Diversity and distribution of Escherichia coli in three species of free-ranging Australian pinniped pups

Mariel Fulham, Michelle Power, Rachael Gray

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    Anthropogenic activities and pollution are impacting marine environments globally. As a consequence, increasing numbers of human-associated phylotypes of Escherichia coli, an indicator of fecal contamination, have been found in both aquatic environments and marine mammals considered sentinels for marine health. The objective of this study was to determine the presence and diversity of E. coli in pups of three species of free-ranging pinnipeds in Australia. Fecal samples (n = 963) were collected between 2016 and 2019 from Australian sea lion (Neophoca cinerea), Australian fur seal (Arctocephalus pusillus doriferus) and long-nosed fur seal (Arctocephalus forsteri) pups from eight breeding colonies extending along the Southern Australian coast. E. coli were isolated from 842 (87.3%) samples and molecular screening was applied to assign isolates to E. coli phylotypes and sub-types. The human associated E. coli phylotype B2 was the most frequently isolated in all species at seven of the eight colonies, with 73.7% of all E. coli isolates belonging to this phylotype. Phylotype distribution did not differ significantly within or across species, breeding colonies or breeding seasons. Analysis of B2 isolates into sub-types showed a significant difference in sub-type distribution across breeding seasons at two colonies (Seal Rocks and Cape Gantheaume). The predominance of the B2 phylotype could indicate that all colonies are exposed to similar levels of anthropogenic pollution. This widespread occurrence of the human-associated E. coli phylotypes highlights the imperative for ongoing monitoring and surveillance of microbes in both the marine environment and sentinel species.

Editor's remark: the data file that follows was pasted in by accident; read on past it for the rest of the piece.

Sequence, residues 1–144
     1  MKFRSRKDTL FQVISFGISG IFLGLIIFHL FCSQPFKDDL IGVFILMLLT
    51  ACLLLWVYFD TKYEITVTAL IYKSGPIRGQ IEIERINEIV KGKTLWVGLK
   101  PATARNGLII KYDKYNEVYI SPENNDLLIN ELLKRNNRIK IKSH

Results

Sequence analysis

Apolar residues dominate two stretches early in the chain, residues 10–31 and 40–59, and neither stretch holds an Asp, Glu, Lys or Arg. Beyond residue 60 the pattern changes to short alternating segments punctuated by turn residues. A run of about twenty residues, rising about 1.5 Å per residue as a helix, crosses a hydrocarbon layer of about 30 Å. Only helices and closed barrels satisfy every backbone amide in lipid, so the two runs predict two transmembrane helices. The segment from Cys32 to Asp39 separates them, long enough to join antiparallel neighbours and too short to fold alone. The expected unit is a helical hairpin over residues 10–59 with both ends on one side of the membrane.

Original languageEnglish
    Article number571171
    Pages (from-to)1-11
    Number of pages11
    JournalFrontiers in Marine Science
    Publication statusPublished - 9 Sept 2020


    • Escherichia coli
    • pinnipeds
    • wildlife
    • anthropogenic pollution
    • human-associated bacteria


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